Section 472.150 RSMo 1986, allows the judge to vacate, modify or rehear any judgment, order, or decree up to thirty days after the final order of distribution. Under this provision the trial judge was within his power to reopen the case and modify the judgment. The trial court was also correct in allowing the claimant to amend her petition. If the trial court indicates in any way that a dismissal of the petition is not meant to be a dismissal of the plaintiff's action, the order does not dispose of the case and is not final. Knight v. Keaton, 660 S.W.2d 752, 753 (Mo.App. 1983). Further, Rule 67.06 provides that "on sustaining a motion to dismiss a claim ... the court shall freely grant leave to amend and shall specify the time within which the amendment shall be made or amended pleading filed."

Having followed the correct procedure we find no error in the trial court's actions in allowing the pleadings amended.

Appellant's second argument is that the trial court erred by not declaring a mistrial when claimant testified the value of her services rendered to be the value of the real property which had previously been held by the trial court to be irrelevant and having no relationship to the claim.

Appellant claims that the admission of this testimony injected the false and misleading issue of an express contract to the jury and misdirected the jury as to the proper measure of damages to be awarded and irreparably prejudiced the jury.

We cannot agree. After the statement was made the jury was instructed to disregard the statement pertaining to the value of the house. When a witness unexpectedly volunteers an inadmissible statement, the action called for rests largely within the discretion of the trial court who must evaluate the situation and ascertain if some remedy short of mistrial will cure the error, the proper appellate review is to verify there has been no abuse of discretion. Anderson v. Burlington Northern R. Co., 700 S.W.2d 469, 474 (Mo.App. 1985). Declaration of mistrial is the most drastic remedy for trial error and it should be exercised only in those cases where the prejudicial error is so prejudicial that its effect can be excised in no other way. Id. There is nothing in this record to constitute reversible error.

Appellant argues that the trial court erred in failing to submit the estate's offered instruction based on MAI 32.15 in that the court ruled said instruction could not be given in the absence of an affirmatively pleaded defense of gratuitous furnishing of service.

Appellant did not have to plead an affirmative defense in this case. Rule 55.01 provides that a defense consisting of an affirmative avoidance to any matter alleged in a preceding pleading must be pleaded. However, Rule 55 is not applicable in the present case. Both Rule 41.01(b) and Section 472.141 RSMo. 1986, provide that Rule 55 is not applicable to civil actions originating in the probate division of the circuit court unless the court orders its application. The trial court did not order Rule 55 applicable in this case. Therefore, appellant was under no requirement to plead any affirmative defenses.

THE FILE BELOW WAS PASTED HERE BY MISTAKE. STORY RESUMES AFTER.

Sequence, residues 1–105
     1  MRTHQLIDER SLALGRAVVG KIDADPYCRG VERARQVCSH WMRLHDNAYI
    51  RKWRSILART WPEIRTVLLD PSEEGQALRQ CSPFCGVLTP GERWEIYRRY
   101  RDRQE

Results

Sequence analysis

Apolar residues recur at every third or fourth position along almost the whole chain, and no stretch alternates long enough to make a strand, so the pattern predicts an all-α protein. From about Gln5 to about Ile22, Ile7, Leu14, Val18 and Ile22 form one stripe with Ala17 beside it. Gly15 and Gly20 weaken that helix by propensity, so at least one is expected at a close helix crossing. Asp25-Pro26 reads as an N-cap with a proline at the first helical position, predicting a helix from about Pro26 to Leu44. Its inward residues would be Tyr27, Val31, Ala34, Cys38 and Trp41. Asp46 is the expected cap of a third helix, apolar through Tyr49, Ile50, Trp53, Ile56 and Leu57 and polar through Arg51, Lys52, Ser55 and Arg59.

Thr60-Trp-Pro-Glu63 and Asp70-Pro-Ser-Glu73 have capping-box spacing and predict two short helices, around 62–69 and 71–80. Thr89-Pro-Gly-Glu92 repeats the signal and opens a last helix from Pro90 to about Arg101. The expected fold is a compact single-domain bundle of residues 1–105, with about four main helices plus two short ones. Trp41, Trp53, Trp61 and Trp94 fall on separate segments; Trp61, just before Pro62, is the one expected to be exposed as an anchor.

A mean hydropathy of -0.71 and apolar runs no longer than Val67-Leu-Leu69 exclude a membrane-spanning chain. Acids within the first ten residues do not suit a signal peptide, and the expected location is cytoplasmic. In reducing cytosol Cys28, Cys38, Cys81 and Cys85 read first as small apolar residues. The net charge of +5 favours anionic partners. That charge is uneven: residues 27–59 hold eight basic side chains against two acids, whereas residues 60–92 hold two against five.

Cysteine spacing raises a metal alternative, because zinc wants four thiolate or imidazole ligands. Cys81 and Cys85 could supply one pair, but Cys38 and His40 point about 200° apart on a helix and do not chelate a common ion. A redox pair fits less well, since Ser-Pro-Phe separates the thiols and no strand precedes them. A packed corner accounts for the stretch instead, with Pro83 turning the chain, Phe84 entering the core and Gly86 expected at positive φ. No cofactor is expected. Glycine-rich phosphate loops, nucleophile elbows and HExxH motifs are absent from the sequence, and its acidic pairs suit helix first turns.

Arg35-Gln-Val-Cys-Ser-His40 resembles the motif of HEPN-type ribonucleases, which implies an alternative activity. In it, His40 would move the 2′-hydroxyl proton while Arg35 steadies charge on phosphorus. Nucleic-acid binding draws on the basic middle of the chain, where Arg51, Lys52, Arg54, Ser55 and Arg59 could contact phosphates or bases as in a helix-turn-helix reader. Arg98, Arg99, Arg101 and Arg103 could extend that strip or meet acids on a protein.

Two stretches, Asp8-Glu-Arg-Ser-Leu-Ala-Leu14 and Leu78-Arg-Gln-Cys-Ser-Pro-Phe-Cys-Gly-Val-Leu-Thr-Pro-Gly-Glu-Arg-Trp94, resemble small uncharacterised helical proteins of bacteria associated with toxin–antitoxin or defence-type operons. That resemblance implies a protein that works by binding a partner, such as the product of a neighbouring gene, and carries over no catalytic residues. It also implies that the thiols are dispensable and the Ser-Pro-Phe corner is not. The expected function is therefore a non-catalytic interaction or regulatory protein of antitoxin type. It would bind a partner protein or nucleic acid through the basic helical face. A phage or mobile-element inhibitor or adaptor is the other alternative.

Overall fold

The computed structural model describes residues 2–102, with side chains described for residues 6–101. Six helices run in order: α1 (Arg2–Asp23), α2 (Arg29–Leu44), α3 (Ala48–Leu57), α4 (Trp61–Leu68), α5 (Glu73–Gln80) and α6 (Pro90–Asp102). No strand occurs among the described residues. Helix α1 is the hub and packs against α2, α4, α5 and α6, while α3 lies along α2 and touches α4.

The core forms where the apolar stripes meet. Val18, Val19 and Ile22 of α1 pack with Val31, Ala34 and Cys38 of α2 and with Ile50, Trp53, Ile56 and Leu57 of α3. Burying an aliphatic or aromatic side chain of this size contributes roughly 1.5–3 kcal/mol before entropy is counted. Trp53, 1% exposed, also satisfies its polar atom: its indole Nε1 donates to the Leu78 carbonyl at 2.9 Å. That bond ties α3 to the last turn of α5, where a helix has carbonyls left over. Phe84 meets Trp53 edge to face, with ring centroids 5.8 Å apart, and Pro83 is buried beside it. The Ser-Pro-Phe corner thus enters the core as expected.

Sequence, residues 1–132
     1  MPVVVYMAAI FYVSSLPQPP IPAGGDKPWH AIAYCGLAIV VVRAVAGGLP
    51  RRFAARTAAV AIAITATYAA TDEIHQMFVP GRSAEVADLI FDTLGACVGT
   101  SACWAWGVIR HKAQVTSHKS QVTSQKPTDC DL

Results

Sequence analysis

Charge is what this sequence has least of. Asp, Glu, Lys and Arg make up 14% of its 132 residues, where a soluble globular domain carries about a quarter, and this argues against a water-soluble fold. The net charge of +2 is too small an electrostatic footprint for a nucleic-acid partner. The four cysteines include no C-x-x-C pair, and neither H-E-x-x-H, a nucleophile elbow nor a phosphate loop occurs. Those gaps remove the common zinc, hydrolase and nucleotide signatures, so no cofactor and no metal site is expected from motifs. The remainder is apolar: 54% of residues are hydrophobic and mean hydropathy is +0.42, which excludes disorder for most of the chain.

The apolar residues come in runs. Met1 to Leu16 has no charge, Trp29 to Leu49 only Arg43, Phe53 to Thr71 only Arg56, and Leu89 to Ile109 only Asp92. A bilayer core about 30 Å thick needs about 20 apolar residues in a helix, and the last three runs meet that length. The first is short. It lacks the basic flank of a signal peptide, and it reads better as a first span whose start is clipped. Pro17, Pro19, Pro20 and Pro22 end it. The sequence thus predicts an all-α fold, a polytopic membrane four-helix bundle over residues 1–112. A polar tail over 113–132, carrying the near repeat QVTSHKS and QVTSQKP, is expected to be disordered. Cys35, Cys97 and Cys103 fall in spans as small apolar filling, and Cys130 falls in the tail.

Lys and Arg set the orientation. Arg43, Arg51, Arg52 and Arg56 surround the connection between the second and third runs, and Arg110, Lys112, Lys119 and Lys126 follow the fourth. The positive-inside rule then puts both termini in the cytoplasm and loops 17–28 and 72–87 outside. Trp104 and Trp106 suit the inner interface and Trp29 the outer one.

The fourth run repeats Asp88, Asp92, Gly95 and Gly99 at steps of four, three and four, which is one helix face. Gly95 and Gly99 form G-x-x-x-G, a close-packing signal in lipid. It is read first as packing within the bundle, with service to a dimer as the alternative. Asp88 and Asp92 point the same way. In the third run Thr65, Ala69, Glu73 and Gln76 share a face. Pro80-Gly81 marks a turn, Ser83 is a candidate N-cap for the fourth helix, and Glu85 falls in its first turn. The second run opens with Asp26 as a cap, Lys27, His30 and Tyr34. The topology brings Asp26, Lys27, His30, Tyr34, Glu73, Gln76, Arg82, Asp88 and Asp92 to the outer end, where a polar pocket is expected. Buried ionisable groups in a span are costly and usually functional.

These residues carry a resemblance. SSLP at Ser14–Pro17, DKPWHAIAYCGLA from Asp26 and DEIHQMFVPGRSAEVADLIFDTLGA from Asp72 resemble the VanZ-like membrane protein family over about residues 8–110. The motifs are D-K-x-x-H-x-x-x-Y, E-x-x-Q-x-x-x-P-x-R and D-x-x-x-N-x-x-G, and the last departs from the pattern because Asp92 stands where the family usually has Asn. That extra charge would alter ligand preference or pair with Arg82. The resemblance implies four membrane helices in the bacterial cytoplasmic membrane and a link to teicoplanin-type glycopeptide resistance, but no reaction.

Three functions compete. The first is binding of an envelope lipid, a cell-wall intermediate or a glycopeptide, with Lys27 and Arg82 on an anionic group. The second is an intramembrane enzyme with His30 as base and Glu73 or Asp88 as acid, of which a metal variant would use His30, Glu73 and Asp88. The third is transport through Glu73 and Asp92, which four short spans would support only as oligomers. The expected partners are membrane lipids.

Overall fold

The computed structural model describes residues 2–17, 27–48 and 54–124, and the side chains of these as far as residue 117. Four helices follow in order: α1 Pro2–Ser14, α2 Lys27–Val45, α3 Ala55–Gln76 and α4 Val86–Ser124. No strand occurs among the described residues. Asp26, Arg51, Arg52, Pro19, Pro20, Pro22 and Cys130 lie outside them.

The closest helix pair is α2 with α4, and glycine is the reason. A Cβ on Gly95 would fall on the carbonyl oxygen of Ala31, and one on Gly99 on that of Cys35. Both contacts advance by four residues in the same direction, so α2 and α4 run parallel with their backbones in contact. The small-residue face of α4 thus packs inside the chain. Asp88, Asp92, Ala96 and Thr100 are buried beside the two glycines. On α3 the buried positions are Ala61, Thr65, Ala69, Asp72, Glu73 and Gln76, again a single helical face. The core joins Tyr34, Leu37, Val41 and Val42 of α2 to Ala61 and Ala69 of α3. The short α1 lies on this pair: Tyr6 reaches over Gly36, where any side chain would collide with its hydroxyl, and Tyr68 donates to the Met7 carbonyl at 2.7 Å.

However, the trial court was correct in refusing to give the tendered instruction based on MAI 32.15 for other reasons.

Claimant's case was submitted to the jury by Instruction No. 5 which was as follows:

Your verdict must be for plaintiff is you believe:

First, Plaintiff furnished valuable services to William J. Lyons, and

Second, William J. Lyons accepted the benefits of such services, and

Third, the conduct and relationship of plaintiff and William J. Lyons was such as to imply an agreement that payment would be made for such services.

The refused instruction was as follows:

Your verdict must be for defendant if you believe that at the time the services were furnished to William Lyons plaintiff did not intend to make a charge for her services.

A threshold inquiry must be made to determine if there was any family relationship between the claimant and the deceased. By testimony of claimant, she and the deceased were second cousins. However, kinship actual or assumed is not necessarily essential to the establishment of a family relationship. Smith v. Estate of Sypret, 421 S.W.2d 9, 15 (Mo. 1967). In order to constitute a "family" there must be "(1) a social status, (2) there must be a head who has a right, at least in a limited way, to direct and control those gathered into the household, and (3) this head must be obligated either legally or morally to support the other members, and (4) there must be a corresponding state of at least partial dependence of the other members for this support." Embry v. Estate of Martz, 377 S.W.2d 367, 370 (Mo. 1964). None of these elements were shown by the record to exist. In addition, neither party pleaded nor proved a family relationship and the instruction based on MAI 32.15 is intended for conversing actions by strangers not those in a family relationship. We therefore find that no family relationship existed.

When there is no family relationship, the intent to charge and agreement to pay are presumed. Smith v. Estate of Sypret, at 14. Further, a plaintiff need not show when he intended to be paid because once he shows services rendered by him to deceased and accepted by deceased the law implies the contract for compensation, and the burden is on the defendant to show that services rendered were gratuitous. Smith v. Estate of Sypret at 15; Embry v. Estate of Martz, supra; Thomas v. Fitzgerald's Estate, 297 S.W. 425, 428 (Mo.App. 1927).